Yaakov awoke from his sleep and said, Surely Hashem is in this place and I did not know!
For what purpose did Yaakov mention this seemingly
insignificant fact? Rashi explains that Yaakovs intent was: Had I
known, I would not have slept in a holy place such as this. This is very difficult to understand. The Gemara tells us (Chullin 91b) that Hashem
caused the sun to set early in order to cause Yaakov to sleep in this particular spot (Chullin 91b). The Talmud further teaches that the stones Yaakov had placed surrounding his head miraculously joined, forming one large stone. As the verse narrates, it was during this sleep that Yaakov merited receiving a prophecy from Hashem, as well as a promise of protection during his numerous travels. From all of these miraculous occurrences it should have been clear to Yaakov that it was the will of Hashem that he should sleep in this spot. Why, then, would Yaakov say that had he known of Hashems
presence he would have done otherwise?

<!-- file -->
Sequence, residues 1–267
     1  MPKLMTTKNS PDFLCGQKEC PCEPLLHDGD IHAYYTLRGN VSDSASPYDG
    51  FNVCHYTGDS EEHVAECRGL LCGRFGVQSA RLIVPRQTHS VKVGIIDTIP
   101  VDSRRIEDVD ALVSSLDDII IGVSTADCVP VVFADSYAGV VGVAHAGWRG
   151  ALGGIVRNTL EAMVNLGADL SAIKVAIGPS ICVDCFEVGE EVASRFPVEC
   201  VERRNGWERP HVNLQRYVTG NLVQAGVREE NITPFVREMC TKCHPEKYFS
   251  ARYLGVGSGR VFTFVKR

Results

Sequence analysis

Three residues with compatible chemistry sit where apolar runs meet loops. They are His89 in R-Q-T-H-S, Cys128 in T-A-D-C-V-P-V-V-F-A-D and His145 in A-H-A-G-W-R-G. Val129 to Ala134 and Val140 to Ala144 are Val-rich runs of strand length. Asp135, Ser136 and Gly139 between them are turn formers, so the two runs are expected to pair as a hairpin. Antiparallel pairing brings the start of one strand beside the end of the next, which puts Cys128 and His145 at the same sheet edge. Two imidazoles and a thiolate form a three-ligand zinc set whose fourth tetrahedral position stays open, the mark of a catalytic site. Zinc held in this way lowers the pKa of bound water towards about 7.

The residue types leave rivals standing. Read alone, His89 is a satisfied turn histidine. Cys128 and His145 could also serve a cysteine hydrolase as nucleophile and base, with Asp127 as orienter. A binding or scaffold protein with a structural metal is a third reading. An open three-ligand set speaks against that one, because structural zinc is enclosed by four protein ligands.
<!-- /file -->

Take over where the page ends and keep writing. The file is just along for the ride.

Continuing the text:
The proper way to understand Yaakovs words is
as follows. Yaakov thought that one is only considered to be serving Hashem when involved in spiritual pursuits such as tefillah and Torah study.
Involvement in physical matters such as eating and sleeping, however, could not be considered serving Hashem, since they are not themselves mitzvos.
By performing miracles and causing Yaakov to
sleep (a purely physical activity) on the future site of the Beis
Hamikdash, Hashem sought to teach Yaakov that this is not the case. Hashem gave His Torah to human beings knowing that they are creations whose physical needs must be satisfied to facilitate their continuing ability to fulfill His commandments. It is His Divine will that these physical activities should be sanctified through their use as tools assisting people in their service of Hashem. In this way, these activities can be raised to the level where they themselves become the fulfillment of Hashems will.
It was this that Yaakov alluded to when he exclaimed
and I did not know. Yaakov exclaimed that prior to being
taught this lesson, he did not know that a physical act such as sleeping could be sanctified to such a degree. Rashi (quoted above) explains that commensurate with Yaakovs prior understanding, had he known of the
holiness of the site he would not have thought it proper to sleep there.
Taking note of this lesson, Yaakov said that the
stone upon which he rested his head while sleeping should be a Beis
Elokim. It was Yaakovs wish that the stone should serve as a reminder
to the fact that a Beis Elokim is not only a place where one is involved in Torah and mitzvos. Even the seemingly mundane act of sleeping must be done with the proper intentions so that a sleeping place, too, can reach the
level of Beis Elokim.